Isaqueena Cotton Mill

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The Isaqueena Cotton Mill was the first identity of a textile plant that began operations in Central, South Carolina in 1903, and which remains in business in 2011 as Central Textiles, Inc.

History

With the rise of the textile industry in Upstate South Carolina in the late 1890s and early 1900s, the Isaqueena Cotton Mill was erected and began operations in 1903. The American Wool and Cotton Reporter reported in an issue dated April 16, 1903, that the secretary of the state of South Carolina had issued articles of incorporation to the Isaqueena Cotton Mills Company of Central. O. A. Robtins (sp?), of Charlotte, North Carolina, F. B. Morgan, D. K. Norris, and J. T. Gassaway [sic] of Central, as the incorporators. Initial capital stock was $200,000. "It was first intended to incorporate this company under the name of the 'Norris Central' mills, the change having been made last week just before the charter was applied for." (American Wool and Cotton Reporter, 16 April 1903, Boston, New York, Philadelphia,Volume XVII, Number 16, page 17/485.)(http://books.google.com/books?id=SmVYAAAAYAAJ&pg=PA485&lpg=PA485&dq=Isaqueena+Cotton+Mill&source=bl&ots=6aCtl3k_-W&sig=kdf66IA4sTRcAolmS2DgUDZ7adg&hl=en&ei=ri3UTv3sNJLBtgeFmLSRAg&sa=X&oi=book_result&ct=result&resnum=1&sqi=2&ved=0CCAQ6AEwAA#v=onepage&q=Isaqueena%20Cotton%20Mill&f=true)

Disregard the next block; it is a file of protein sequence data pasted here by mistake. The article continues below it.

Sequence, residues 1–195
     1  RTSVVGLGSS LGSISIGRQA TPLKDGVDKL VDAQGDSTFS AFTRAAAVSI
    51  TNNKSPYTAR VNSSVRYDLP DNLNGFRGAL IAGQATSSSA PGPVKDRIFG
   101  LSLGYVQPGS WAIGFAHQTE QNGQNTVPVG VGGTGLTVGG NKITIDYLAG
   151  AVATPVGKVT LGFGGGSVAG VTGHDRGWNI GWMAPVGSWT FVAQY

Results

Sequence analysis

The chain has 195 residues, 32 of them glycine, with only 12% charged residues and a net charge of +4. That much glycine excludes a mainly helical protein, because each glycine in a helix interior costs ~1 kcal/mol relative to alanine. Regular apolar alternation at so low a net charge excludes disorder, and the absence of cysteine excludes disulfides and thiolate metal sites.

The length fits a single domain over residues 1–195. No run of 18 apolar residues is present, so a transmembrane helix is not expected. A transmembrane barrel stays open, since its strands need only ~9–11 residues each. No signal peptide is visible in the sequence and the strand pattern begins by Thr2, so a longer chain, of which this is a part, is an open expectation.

The Textile World Record (Lord & Nagle Company, Philadelphia, Boston, New York) reported in 1906 that the Isaqueena Cotton Mill, Central, South Carolina, had adopted the American Moistening Company's system of humidification. (April-September 1906, Volume XXXI, pages 180-181.) (http://books.google.com/books?id=n_XNAAAAMAAJ&pg=RA1-PA180&lpg=RA1-PA180&dq=Isaqueena+Cotton+Mill&source=bl&ots=vYDYro_sCb&sig=lSJU5J3we6tsu1VyXIHf7FKrs74&hl=en&ei=WyDUTuHkJMLWtweovbn-AQ&sa=X&oi=book_result&ct=result&resnum=2&sqi=2&ved=0CCIQ6AEwAQ#v=onepage&q=Isaqueena%20Cotton%20Mill&f=false)

Its president as of 1908 was R. G. Gaines. (Watson, Ebbie Julian, Commissioner, "Handbook of South Carolina: Resources, Institutions and Industries of The State", The State Department of Agriculture, Commerce and Immigration, Columbia, South Carolina, Second edition, 1908, page 453.)(http://books.google.com/books?id=uDJNAAAAMAAJ&pg=PA453&lpg=PA453&dq=Isaqueena+Cotton+Mill&source=bl&ots=MwiNLPu7Uk&sig=OWtLu30glEoap6_ImrUnIWqWsLk&hl=en&ei=WyDUTuHkJMLWtweovbn-AQ&sa=X&oi=book_result&ct=result&resnum=5&sqi=2&ved=0CC4Q6AEwBA#v=onepage&q=Isaqueena%20Cotton%20Mill&f=false)

The Isaqueena Cotton Mill fell into receivership during the Great Depression in the early 1930s, and in 1935 it was purchased by the Cannon Mills of Kannapolis, North Carolina, and renamed the Central Mills. (http://www.textilehistory.org/CannonMills.html) It remained a Cannon operation until about 1984, by which time the Cannon family no longer controlled the company, and new management sold the Central plant. It then continued operation as Central Textiles, Inc.

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